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10 Top Traits in Successful Social Sector Leaders from new book 'How to Change the World'

by Craig Dearden-Phillips 20/11/2017

Every leader I have met in the social sector starts out believing they can change the world. But they often find that making a clear, measurable difference isn't easy. By mid-career, few are having quite as much impact as they anticipated.

Some settle for that and focus on having a decent career. Others don't sit back. Instead, they look to take their effectiveness as social sector leaders to another level. But where to go for help? One sees lots of Secrets of Success-type books by business gurus and entrepreneurs, but few explore what makes for greater success as a social leader.

Here is what I learned from the 25 leaders featured in my book, How to Change the World.

1. Lead from behind - The most successful social sector leaders lead from behind as much as from the front. They lead organisations that staff or volunteers join by choice as much as financial necessity. Outside turnaround situations, leadership is more about engagement than direction. You are a convenor, not a commander.

Key leadership behaviours - Talk to more people. Listen more than you talk.

2. Build coalitions - To make things happen, leaders have to build coalitions inside and beyond the organisation. The authority invested in leadership is probably less than in the private sector, where the chief executive has more latitude: strong political skills are needed.

Key leadership behaviours - Plan who you need to deliver change. Think about what aspects will get each group on board.

3. Be authentic - The most successful leaders are genuine people who stay human. It sounds simple, but we all know that the pressures in organisations often mean that leaders sometimes fail in this regard. Authenticity in social sector leadership isn't the same as being liked. It's about people knowing that you stand for particular values and that you uphold them, come what may.

Key behaviours - Make clear what you believe. Prove this through your behaviour.

4. Be ambitious - Leaders who are really changing the world are those with a vast ambition for the mission and how it can be grown. They create a sense of possibility beyond what is currently being achieved. Their skill is doing this without demeaning past achievement.

Key behaviours - Think big; encourage others to do the same. Frame ambition squarely in the language of mission.

5. Think impact - First-order social sector leaders are making their organisations think hard about how to capture and communicate the difference they make (or not). For many organisations - habituated to reporting activity, not results - this is difficult. However, if the world is to be changed, those leading it have to be clear and honest on progress.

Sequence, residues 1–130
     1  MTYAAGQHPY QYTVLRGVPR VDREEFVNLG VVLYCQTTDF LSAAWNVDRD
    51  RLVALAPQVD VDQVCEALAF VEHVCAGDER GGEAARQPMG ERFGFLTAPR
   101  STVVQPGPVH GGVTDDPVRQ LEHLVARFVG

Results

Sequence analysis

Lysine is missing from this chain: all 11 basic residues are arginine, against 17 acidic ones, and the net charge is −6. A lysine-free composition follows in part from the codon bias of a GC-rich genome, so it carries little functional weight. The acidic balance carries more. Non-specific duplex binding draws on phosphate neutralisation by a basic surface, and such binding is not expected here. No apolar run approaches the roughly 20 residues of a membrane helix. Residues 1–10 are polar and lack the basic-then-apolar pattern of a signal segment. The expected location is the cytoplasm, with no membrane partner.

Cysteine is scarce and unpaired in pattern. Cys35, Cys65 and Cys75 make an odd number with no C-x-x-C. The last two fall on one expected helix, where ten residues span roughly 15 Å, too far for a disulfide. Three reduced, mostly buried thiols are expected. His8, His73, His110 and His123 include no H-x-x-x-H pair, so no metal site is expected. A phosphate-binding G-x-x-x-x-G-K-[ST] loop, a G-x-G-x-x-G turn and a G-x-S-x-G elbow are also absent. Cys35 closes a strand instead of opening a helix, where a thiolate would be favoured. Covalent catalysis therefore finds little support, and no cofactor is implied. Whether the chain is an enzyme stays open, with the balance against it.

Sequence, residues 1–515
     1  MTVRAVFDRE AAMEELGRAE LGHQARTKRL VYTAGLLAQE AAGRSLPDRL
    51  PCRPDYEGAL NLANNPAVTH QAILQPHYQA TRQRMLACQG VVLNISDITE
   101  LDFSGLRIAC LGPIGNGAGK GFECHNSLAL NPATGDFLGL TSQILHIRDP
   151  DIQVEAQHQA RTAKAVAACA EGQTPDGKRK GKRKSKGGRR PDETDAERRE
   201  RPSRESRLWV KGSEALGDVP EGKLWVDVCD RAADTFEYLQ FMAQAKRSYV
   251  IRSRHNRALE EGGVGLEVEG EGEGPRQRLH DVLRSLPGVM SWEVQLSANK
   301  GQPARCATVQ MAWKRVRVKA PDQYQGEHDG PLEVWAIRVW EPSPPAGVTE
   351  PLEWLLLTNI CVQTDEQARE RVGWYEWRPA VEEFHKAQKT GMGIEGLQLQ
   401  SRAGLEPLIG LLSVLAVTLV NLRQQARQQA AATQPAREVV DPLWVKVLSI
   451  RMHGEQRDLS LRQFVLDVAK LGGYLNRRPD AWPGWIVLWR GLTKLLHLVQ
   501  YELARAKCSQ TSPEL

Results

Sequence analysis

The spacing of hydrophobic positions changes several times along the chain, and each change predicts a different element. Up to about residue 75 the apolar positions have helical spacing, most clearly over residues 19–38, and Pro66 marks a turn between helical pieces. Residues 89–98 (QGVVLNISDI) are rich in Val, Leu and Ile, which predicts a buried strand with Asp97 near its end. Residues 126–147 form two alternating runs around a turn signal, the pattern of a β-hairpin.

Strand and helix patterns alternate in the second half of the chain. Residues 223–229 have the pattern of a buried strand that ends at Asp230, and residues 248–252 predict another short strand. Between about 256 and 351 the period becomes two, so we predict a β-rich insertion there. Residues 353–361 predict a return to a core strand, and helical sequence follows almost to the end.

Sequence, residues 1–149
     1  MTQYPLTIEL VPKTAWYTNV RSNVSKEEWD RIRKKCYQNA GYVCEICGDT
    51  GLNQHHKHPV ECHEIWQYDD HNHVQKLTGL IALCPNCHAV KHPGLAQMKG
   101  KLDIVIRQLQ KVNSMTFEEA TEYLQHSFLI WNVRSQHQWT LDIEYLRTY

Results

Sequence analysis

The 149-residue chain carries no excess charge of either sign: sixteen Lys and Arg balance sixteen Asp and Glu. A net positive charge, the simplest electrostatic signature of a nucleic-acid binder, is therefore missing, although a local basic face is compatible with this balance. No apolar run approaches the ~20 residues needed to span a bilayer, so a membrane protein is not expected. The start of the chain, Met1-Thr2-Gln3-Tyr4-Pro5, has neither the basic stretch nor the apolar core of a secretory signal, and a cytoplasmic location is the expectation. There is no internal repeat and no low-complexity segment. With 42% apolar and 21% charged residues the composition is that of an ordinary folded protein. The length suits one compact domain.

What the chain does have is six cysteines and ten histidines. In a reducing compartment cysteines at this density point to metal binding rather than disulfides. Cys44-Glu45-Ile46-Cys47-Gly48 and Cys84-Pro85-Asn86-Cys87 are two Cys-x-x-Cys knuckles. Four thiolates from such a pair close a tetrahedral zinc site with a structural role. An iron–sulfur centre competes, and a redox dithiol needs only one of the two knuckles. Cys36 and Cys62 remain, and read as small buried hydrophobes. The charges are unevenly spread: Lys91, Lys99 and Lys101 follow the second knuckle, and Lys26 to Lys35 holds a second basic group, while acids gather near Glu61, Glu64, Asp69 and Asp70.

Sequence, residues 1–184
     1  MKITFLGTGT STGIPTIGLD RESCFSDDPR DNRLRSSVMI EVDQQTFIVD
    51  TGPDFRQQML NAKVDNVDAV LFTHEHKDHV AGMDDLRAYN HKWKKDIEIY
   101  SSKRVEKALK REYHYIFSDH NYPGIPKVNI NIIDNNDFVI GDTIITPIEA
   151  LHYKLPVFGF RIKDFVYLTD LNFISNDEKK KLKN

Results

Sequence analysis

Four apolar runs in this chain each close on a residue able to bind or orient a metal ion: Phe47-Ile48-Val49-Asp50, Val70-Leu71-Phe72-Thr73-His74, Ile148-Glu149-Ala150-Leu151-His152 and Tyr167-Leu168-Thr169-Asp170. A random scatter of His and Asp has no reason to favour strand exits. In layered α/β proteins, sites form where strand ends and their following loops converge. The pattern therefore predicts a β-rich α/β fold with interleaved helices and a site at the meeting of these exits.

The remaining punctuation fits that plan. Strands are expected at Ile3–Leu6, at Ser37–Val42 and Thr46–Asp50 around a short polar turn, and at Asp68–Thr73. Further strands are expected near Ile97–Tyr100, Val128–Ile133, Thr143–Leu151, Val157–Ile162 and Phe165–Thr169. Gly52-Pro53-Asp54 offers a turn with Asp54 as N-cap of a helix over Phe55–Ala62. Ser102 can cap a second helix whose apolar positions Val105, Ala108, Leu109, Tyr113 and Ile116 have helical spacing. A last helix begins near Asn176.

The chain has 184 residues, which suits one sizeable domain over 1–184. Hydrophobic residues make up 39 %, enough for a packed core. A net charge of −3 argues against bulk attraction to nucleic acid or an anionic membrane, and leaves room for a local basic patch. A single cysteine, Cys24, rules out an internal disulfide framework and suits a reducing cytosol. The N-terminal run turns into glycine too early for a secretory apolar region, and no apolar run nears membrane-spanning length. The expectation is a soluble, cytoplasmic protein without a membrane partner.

Key behaviours - Cold honesty, openness, comfort with laying down a challenge.

6. Create your culture - Top social sector leaders understand that, to make an impact, an organisation has to have the right culture. When coming in new, social leaders often find a culture that gets in the way of progress. "Show me the leader, show me the culture" is a cliche, but one with some truth. The sector's best leaders waste no time setting out the attitudes and behaviour they most value.

Changing the world

HTCTW

How to change the World: The Essential Guide for Social Sector Leaders will be published by Turnpike Press on 27 November

Key behaviours - Make people aware of your values and your expectations. Repeat them often and model them yourself. 

7. Get your team right - Successful social sector leaders put great store by a top team that is up to the job, even when this means tough choices. They understand that this unit is the key to success or failure. Finding a top team of people who trust and challenge each other, sharing in success or failure together, is essential to success.

Key behaviours - Set the bar high on senior colleagues. Look for alignment or core values, but also a range of perspectives.

8. Coach, don't manage - The very best social sector leaders tend to act like coaches, not bosses. They know that micro-managing is a waste of time. They understand that needing to manage someone closely is the sign of a bigger problem. They use their coaching skills to help people see when it's time to go or take on a new role.

Key behaviours - Think of yourself as an enabler, not a manager. Allow people to manage their own detail.

9. Be visible - The best leaders are rarely found in their offices. They understand that their key role is to engage with people inside and beyond the organisation. This isn't about "turning up" to set-piece events, like a visiting dignitary. It's about making yourself available to people to talk to.

Key behaviours - Get out of your "bubble". Move around the organisation, putting yourself on the line, even if uncomfortable.

10. Look after yourself - Successful social sector leaders work hard, but understand this is a long game, so they tend to look after themselves. On a simple level, this is about time out, the right diet, sleep and exercise. It's also about professional development: creating a good network of peers, subjecting yourself to new learning.

Key behaviours - Better "work hygiene", developing support beyond the organisation.

 

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